What an action-packed couple of weeks! The winery has been a rush of activity, with grapes coming in from our own vineyards in Kent and West Sussex – in concentrated bursts, thanks to the few days of rain we experienced – being weighed, pressed and then transferred to either stainless steel tanks or oak barrels.
The quality of the fruit harvested this year has been exceptional, with very few areas of concern, almost no disease pressure despite the few days of rain, and superb levels of ripeness.
With all the juice now in tanks and in barrels, the winemaking team can start to breathe a sigh of relief. However, the hard work is not finished yet; far from it. As the juice starts its first fermentation, it’s monitored daily by Charlie and the team.
Having tasted through some of the tanks last week, it seems we have the beginnings of some really attractive base wines. Indeed, just from tasting the ferments, we’re starting to pick up many wide-ranging flavours within the wines and within each of the different grape varieties, which will make the blending process particularly interesting.
Between now and Christmas, the wines will finish their first fermentation, undergo a malolactic fermentation – a conversion of the harsh ‘malic’ acids to softer ‘lactic’ acids – and then be ready to taste during our base wine tastings in the New Year. These tastings each January are really important in deciding which base components will be blended into each of our wines and these base wines, as they develop in the winery over the next few months will really form the foundations of our 2020 vintage wines.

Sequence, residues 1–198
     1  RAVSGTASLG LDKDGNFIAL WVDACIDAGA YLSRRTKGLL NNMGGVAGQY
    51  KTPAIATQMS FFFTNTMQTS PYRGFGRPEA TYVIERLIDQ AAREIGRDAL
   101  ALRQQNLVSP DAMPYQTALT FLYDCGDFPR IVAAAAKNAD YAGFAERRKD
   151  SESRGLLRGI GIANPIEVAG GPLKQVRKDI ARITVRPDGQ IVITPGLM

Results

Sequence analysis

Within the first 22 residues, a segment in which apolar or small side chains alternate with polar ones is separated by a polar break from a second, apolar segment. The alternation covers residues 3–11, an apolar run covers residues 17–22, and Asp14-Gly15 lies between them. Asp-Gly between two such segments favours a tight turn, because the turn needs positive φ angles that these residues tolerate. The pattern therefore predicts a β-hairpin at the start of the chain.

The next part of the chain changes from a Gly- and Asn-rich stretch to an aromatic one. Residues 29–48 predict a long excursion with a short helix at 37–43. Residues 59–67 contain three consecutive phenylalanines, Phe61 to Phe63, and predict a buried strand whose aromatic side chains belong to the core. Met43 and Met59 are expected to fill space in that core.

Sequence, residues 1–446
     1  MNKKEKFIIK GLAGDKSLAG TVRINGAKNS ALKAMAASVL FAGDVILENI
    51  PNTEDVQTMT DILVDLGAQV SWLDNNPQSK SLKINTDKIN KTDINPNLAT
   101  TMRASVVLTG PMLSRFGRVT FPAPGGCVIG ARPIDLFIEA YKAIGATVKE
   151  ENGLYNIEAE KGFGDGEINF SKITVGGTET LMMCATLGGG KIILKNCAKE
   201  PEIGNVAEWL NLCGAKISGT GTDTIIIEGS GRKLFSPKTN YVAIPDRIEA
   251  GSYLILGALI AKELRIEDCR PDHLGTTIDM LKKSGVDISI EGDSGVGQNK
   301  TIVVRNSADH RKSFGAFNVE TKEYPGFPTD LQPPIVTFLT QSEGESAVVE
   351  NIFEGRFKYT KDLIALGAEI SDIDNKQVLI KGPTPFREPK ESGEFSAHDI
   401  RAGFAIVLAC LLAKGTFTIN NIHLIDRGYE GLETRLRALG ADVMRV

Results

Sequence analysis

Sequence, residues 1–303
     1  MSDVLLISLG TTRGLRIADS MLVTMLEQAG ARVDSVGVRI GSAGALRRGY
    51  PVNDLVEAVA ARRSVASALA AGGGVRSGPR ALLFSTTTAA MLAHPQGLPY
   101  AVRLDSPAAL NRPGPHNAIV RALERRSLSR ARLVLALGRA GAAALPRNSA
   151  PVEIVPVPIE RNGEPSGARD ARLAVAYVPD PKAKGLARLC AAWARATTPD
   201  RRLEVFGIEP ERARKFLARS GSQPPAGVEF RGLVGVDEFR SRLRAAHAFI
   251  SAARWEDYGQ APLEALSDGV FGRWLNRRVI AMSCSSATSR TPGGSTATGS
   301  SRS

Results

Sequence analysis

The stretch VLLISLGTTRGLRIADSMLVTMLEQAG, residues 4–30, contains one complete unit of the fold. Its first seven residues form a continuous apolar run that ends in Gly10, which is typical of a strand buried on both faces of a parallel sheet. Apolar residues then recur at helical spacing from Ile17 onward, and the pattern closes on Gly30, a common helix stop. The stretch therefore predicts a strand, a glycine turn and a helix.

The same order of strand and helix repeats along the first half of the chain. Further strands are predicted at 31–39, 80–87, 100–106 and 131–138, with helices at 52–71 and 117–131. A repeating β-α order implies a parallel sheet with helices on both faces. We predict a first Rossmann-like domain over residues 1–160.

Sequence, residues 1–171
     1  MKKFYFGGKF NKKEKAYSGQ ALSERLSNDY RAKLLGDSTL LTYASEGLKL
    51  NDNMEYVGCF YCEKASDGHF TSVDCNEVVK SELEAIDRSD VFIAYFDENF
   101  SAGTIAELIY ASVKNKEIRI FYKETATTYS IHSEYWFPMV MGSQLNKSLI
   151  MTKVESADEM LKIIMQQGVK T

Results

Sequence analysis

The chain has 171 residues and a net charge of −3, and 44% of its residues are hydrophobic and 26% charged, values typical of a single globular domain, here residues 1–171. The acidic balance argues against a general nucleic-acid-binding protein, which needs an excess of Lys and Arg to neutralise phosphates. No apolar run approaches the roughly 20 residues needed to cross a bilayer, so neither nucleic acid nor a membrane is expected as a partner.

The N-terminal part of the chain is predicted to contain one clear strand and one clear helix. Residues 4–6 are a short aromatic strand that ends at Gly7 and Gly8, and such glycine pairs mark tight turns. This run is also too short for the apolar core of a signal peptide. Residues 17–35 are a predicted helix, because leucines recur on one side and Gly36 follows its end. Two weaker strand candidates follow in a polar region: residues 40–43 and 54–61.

Overall the quality of the grapes and indeed the juice this year has been exceptional. The fruit was ripe, and the resulting base wines have a certain weight and intensity to them, balanced of course with the tell-tale acidity structure of any base wine. I look forward to revisiting them in tank and barrel over the next few months and to tasting them en masse in January.
Laura Rhys MS
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